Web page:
“Chaos over football: the gang of treachery wants to destabilise Turkey” read a headline in Fotomac in February, a day after a protester snatched a red card from a referee in the Black Sea town of Trabzon in protest against what he considered to be biased judgements.
“According to an allegation, there is a secret gang working behind the scenes of Turkish football. It has been stated that this gang pressed a button in order to drag the country into chaos by pulling masses to the streets via football. It has been learned that the secret gang, which had failed to drag Turkey into chaos during the Gezi Park protests, now has chosen Trabzonspor as a target, and it provokes the fans of this team by using referee mistakes as a pretext,” the newspaper reported, referring to Trabzon’s major soccer club.
Fans remain resolute
Despite significant differences in the political environment in Egypt and Turkey, fans in both countries fail to be intimidated and exploit every opportunity to make their demands heard, particularly as they relate to access to and control of stadiums.
Fans in Egypt set the stage for intermittent but growing anti-government protests last month when they forced their way into a stadium in protest against the ban on supporters attending football matches.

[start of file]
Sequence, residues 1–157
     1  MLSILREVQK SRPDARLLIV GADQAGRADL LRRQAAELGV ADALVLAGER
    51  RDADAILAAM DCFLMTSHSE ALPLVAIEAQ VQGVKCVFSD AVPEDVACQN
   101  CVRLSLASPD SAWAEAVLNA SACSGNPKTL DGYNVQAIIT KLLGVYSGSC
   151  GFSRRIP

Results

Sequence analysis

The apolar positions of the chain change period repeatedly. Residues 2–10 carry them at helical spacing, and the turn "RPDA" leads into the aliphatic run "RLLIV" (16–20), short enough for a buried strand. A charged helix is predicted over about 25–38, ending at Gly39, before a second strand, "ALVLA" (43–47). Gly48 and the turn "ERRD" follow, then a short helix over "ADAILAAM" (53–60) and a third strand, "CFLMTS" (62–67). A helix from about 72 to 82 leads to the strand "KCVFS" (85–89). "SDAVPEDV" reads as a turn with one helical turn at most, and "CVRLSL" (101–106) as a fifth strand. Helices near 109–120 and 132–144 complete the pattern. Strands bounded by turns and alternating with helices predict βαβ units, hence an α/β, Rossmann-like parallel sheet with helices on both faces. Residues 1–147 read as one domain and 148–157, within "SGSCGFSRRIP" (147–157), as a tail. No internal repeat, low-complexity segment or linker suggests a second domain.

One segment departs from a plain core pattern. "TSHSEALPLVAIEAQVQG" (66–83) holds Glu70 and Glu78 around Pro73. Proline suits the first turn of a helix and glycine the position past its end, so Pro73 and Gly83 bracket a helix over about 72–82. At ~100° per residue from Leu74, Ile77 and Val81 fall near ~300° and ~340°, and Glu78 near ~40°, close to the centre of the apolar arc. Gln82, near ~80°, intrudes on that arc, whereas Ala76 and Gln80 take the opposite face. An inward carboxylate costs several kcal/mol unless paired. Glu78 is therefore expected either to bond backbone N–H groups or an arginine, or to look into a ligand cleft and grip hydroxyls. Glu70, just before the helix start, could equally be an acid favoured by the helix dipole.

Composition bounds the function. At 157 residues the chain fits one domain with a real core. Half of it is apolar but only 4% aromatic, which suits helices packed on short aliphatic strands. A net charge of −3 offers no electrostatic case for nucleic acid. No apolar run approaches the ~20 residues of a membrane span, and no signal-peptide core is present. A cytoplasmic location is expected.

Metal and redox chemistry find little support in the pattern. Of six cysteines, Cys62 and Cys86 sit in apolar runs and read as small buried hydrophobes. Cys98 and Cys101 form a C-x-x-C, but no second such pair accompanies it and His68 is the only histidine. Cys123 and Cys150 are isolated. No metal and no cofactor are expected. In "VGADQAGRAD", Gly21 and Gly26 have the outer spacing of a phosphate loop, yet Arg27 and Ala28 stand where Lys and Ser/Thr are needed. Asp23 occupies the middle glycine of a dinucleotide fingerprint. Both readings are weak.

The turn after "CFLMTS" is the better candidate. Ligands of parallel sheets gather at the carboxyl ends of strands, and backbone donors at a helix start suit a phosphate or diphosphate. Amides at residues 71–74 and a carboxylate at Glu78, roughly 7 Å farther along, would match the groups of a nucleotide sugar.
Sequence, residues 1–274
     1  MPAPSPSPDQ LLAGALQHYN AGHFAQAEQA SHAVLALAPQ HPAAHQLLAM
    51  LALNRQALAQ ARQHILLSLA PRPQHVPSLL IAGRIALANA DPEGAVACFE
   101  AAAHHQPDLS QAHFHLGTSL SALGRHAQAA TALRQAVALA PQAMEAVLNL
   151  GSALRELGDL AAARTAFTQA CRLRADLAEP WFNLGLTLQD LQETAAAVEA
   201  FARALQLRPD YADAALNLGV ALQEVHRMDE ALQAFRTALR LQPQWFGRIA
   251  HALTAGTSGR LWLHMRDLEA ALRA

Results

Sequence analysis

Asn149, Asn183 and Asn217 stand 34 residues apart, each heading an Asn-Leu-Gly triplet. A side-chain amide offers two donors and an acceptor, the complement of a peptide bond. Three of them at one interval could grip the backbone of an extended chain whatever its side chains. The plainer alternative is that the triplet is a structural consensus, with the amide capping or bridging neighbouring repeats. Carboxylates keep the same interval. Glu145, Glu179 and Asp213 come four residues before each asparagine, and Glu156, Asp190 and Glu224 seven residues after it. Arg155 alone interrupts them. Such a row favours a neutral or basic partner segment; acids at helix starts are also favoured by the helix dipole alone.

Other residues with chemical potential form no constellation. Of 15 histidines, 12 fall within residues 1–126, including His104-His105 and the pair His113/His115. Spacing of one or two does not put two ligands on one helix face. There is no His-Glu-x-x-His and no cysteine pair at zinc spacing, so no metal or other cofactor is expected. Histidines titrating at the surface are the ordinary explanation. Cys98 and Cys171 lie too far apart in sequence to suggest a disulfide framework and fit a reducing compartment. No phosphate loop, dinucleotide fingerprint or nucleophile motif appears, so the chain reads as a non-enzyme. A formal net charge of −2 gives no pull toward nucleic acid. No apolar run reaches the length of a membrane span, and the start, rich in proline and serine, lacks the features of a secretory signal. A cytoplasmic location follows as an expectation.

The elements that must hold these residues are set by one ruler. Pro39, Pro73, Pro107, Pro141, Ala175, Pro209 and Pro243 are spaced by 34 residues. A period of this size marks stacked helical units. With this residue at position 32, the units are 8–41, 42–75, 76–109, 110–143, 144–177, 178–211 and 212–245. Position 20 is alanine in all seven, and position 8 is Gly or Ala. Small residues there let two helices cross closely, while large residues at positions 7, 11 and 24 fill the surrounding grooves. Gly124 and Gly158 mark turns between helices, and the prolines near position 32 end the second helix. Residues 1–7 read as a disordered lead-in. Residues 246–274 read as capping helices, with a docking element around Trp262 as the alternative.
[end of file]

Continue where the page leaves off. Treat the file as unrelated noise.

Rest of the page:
At the Borg Al-Arab stadium in the Mediterranean city of Alexandria, Ultras Ahlawy stormed the pitch during an African Championship match, the first major soccer-related incident since 20 fans were killed in Cairo last year in a clash with security forces. Police fired tear gas during the Alexandria incident, wounding 29 people.
The incident occurred amid growing criticism of Sisi and protests against his handing over to Saudi Arabia of two islands in the Red Sea earlier this month during a visit to Cairo by Saudi King Salman. The protesters, although far smaller in number than those that toppled Mubarak, adapted the slogans of the 2011 popular revolt: calls of “Bread, freedom—the islands are Egyptian!” replaced the 2011 revolt’s “Bread, freedom and justice”.
The incident and mounting spontaneous protests in neighbourhoods against security force brutality have persuaded Sisi to keep the country’s stadiums closed to the public out of fear that they could become rallying points for the opposition.
The continued closure of the stadiums—like Erdoğan’s flailing attempts to exert political control of soccer and its public space—bears the potential of continued confrontation because it incentivises fans to play their part in broader protests against the government on issues they empathise with.
“As the smell of pepper gas reaches inside, fans chant the legendary slogan: take off your helmets, drop your batons,” tweeted a Beşiktaş Çarşı fan after last month’s clash with police around the opening of the new stadium. His was a sarcastic invitation by the fans to take on the police on a level playing field.
It’s a challenge security forces in Turkey and Egypt won’t embrace. Overwhelming force and brutality has however proven ineffective in government efforts to suppress them and their refusal to simply surrender control of public space.
James M. Dorsey is a senior fellow at the S. Rajaratnam School of International Studies, co-director of the University of Würzburg’s Institute for Fan Culture, and the author of The Turbulent World of Middle East Soccer blog. He has also just published a book with the same title.